Five things to ponder when choosing a college
Perry Robinson, former vice president for admissions, suggests five factors to consider when choosing a college or university.
- Match Your Needs
- Transitionary Programs
- Don't buy "name recognition"
Make sure the college matches your needs, values, personal circumstances and personality, both academically and from a student culture standpoint. Think deeply about how relationships work at the college you're considering. Research continually demonstrates that first-year students who immediately build relationships with faculty and/or peers persist at higher rates than those students who are unable to develop and cultivate those kinds of relationships early in the first semester of the first year.
No matter what your background, the first week, month, semester or year of the first year of college is unlike any other. It’s important that the college has exceptional programs designed to help students to transition successfully from secondary school to college and through the first year.
Families will be investing a great deal of time, money and effort into the post-secondary experience. Determine the kinds of on-and-off campus services/programs the college provides that assist students to “on-board” to their next step after the undergraduate years are completed. An institution should be transparent when proving its “return on investment.”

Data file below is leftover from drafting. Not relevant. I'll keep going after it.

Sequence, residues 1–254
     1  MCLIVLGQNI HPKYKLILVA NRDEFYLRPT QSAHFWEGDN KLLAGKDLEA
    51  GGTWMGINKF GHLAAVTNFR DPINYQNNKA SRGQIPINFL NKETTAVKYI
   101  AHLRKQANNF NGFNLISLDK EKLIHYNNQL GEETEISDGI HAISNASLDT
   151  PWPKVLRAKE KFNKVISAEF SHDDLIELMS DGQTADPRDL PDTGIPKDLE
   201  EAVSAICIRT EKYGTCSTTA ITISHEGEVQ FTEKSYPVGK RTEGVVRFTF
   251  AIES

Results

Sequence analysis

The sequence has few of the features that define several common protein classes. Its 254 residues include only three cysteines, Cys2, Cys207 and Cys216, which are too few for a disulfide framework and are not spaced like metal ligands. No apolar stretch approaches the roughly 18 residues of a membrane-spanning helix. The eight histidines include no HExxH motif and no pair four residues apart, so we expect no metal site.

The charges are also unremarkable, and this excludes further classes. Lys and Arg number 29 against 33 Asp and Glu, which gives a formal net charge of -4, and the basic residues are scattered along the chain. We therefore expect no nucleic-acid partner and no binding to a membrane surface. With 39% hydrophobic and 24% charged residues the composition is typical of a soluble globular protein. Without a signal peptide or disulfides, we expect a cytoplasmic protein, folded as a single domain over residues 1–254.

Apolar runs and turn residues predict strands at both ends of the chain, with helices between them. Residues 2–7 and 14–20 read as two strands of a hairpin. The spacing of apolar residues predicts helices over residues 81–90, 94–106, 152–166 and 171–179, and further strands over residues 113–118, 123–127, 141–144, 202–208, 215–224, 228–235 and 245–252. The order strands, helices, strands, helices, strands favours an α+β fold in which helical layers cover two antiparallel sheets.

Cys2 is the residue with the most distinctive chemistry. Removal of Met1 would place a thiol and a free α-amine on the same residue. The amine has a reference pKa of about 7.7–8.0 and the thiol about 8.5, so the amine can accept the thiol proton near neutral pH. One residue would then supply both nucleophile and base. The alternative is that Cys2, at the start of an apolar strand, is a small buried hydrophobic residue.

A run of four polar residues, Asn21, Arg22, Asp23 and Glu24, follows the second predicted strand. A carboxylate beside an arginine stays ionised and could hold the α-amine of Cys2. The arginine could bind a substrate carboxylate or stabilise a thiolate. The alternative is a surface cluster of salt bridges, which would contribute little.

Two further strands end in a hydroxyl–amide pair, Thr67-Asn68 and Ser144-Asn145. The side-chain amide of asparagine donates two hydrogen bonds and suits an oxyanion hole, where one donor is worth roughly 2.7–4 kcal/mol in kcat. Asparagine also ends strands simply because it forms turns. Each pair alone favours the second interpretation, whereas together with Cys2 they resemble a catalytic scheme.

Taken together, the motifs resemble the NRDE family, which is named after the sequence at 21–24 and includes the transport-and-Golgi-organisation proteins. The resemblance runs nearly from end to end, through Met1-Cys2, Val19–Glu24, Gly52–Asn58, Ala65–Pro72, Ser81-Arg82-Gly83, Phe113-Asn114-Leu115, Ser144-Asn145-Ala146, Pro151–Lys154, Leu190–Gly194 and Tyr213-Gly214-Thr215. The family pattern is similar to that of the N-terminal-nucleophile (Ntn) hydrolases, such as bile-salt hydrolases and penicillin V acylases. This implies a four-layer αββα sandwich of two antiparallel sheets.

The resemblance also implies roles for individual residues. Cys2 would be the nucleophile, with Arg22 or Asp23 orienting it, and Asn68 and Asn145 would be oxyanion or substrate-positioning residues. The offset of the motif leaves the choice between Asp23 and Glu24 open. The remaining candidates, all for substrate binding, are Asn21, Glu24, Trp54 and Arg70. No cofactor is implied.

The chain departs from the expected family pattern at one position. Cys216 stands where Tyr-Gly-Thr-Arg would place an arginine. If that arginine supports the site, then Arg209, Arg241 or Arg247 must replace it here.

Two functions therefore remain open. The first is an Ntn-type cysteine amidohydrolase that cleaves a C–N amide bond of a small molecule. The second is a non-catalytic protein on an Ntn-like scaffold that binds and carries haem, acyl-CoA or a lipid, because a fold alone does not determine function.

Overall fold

Be highly sensitive to loan indebtedness, but understand that college loans are also a reasonable expectation as long as they are managed effectively. There is nothing wrong with the greatest benefactor of an undergraduate experience (the student) having a little “skin-in-the-game” in the guise of a student loan or two. Also look at the college’s graduation rates. If average graduation rates are five or six years for a college, the bargain of a lower-priced education at a college with lower rates suddenly vanishes.
While familiarity with the name of a college breeds comfort and confidence, it's not the best way to select a school. The perfect college may be one that parents, relatives or friends have never heard of ... and that’s all right! Remember it’s not your job to know the reputations of the some 4,000 colleges and universities in the country, but it IS the job of those who one day will be making a decision about hiring you for their corporation or admitting you into their medical, law or business schools. They will have a very good understanding of the value of your degree.